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Logo of nutrmetaBioMed CentralBiomed Central Web Sitesearchsubmit a manuscriptregisterthis articleNutrition & MetabolismJournal Front Page
Nutr Metab (Lond). 2004; 1: 14.
Published online Nov 9, 2004. doi:  10.1186/1743-7075-1-14
PMCID: PMC535347

Review on "Atkins Diabetes Revolution: The Groundbreaking Approach to Preventing and Controlling Type 2 Diabetes" by Mary C. Vernon and Jacqueline A. Eberstein

Reviewed by Surender Arora1,2 and Samy I McFarlanecorresponding author1,2

Vernon MC, Eberstein JA: Atkins Diabetes Revolution. The Groundbreaking Approach to Preventing and controlling Type 2 Diabetes . William Morrow; 2004, 538. ISBN 0-06-054008-7

Before beginning the review of this book, we had no particular opinion about the role of low carbohydrate diets in diabetes. In order to write a fair and unbiased review, we have done a rather extensive search on the subject. One of the most disturbing findings of our search is the amount of hostility towards low carbohydrate diets that is on the web and in the scientific literature. We found several sites that present no scientific arguments but are, rather, full of ad hominem attacks. This was particularly disturbing in that we are in the midst of a growing epidemic of obesity and diabetes with very alarming figures and projections from all over the world. Any intervention that has the potential for helping curb this dangerous epidemic which claims thousands of lives every day should be looked at with a great deal of objectivity.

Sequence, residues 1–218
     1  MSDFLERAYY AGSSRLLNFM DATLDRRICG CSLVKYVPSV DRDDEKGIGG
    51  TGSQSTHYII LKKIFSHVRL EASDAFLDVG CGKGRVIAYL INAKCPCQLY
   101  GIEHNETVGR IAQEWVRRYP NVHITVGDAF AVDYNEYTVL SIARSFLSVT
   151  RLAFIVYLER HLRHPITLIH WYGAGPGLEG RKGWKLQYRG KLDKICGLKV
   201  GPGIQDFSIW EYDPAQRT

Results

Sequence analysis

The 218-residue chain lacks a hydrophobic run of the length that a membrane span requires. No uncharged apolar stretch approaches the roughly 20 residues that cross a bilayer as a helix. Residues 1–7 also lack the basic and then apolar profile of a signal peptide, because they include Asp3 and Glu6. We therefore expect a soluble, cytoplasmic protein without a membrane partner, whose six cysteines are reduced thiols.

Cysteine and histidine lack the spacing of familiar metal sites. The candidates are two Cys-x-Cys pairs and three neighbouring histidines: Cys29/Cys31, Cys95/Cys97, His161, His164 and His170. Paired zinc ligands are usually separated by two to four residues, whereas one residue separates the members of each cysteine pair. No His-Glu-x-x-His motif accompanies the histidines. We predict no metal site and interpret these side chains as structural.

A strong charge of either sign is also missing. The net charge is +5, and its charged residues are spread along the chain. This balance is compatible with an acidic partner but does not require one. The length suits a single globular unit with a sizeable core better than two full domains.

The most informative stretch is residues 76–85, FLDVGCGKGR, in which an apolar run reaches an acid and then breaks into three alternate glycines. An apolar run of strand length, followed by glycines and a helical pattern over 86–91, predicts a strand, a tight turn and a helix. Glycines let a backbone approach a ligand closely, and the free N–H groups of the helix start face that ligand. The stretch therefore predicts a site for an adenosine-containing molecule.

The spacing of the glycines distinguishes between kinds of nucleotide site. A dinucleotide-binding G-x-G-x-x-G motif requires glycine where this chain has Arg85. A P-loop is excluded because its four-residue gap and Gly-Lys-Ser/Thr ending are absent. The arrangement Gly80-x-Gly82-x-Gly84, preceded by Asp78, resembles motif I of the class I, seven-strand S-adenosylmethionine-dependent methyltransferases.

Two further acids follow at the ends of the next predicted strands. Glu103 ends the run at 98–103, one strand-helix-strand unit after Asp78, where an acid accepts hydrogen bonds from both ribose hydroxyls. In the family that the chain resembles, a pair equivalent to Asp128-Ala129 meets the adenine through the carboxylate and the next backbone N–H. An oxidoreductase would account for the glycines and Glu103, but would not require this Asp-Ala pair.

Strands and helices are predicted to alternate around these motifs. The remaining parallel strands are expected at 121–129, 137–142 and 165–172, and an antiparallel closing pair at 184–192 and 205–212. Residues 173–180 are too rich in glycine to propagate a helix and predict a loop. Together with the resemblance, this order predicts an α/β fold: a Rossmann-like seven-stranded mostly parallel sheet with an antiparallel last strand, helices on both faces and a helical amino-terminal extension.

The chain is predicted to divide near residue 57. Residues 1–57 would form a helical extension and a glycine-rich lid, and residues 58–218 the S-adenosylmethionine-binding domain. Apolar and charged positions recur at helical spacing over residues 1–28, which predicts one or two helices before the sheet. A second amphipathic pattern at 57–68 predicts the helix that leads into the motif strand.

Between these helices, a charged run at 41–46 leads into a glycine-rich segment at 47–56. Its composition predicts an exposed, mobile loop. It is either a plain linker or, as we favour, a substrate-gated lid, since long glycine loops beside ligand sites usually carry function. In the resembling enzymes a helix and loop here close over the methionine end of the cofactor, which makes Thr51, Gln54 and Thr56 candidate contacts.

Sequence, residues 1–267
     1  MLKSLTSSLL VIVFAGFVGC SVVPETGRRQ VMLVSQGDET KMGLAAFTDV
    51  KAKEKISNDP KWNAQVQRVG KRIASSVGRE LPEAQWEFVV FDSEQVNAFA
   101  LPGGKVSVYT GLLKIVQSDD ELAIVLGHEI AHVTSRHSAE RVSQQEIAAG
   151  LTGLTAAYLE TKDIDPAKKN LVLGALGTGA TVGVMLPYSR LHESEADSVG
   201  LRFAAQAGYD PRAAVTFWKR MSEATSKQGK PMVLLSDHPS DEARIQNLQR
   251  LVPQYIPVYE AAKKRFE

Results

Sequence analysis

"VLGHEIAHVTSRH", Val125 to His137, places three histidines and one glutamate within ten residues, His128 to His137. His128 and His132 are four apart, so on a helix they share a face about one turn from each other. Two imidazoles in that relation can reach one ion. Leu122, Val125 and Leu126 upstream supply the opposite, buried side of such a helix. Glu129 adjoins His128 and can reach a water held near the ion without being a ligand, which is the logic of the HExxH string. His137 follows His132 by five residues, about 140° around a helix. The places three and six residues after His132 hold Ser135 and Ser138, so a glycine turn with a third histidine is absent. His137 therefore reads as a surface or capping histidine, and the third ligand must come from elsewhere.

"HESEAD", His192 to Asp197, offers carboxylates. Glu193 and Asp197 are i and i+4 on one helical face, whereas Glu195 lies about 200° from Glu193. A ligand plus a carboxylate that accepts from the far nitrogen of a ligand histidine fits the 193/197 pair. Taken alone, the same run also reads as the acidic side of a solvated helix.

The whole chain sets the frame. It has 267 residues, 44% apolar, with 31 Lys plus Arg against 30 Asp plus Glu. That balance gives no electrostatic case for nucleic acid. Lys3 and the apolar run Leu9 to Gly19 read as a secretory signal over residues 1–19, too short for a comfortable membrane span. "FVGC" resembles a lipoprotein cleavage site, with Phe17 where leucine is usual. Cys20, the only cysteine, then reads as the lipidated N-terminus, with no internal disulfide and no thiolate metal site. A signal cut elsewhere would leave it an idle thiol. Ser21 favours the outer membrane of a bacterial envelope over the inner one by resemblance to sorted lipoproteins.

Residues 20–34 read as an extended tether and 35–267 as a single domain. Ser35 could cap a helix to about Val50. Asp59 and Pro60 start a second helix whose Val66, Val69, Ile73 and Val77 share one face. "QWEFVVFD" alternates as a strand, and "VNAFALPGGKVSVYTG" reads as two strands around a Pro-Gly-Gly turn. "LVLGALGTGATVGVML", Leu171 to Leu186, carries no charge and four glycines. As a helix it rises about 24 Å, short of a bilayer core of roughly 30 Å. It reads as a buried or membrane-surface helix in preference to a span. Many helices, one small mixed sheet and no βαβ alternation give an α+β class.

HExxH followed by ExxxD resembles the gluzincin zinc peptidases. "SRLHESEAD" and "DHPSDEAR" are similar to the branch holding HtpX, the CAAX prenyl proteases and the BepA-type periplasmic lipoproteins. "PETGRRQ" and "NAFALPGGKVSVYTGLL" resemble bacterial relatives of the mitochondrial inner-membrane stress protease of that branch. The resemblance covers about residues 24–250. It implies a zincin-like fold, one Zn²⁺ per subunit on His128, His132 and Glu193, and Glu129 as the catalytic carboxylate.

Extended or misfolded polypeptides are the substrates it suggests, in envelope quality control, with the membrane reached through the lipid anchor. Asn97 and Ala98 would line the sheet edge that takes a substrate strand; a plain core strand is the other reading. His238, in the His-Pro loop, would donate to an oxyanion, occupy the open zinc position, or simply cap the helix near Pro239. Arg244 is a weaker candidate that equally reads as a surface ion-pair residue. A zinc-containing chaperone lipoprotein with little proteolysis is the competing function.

The low carbohydrate approach, in fact, is not new and was used in England more than a century ago, made popular by William Harvey [1], an ENT surgeon. He prescribed a low carbohydrate diet for William Banting, an obese carpenter who had been having a great difficulty losing weight. Banting was able to lose weight and as a service, he published in 1863 a small booklet entitled Letter on Corpulence Addressed to the Public [2], the first book to be published on obesity and one which popularized low carbohydrate diets. He has been called "Father of low carbohydrate diets" and was honored by his name being included in the dictionary as the verb "to bant" meaning "to diet". The low carbohydrate diet also been called a "Harvey-Banting diet" after the names of these pioneer. Since then, it has been in and out of fashion with different versions and names but with the same underlying concept, most recently popularized by the late Dr. Robert C. Atkins.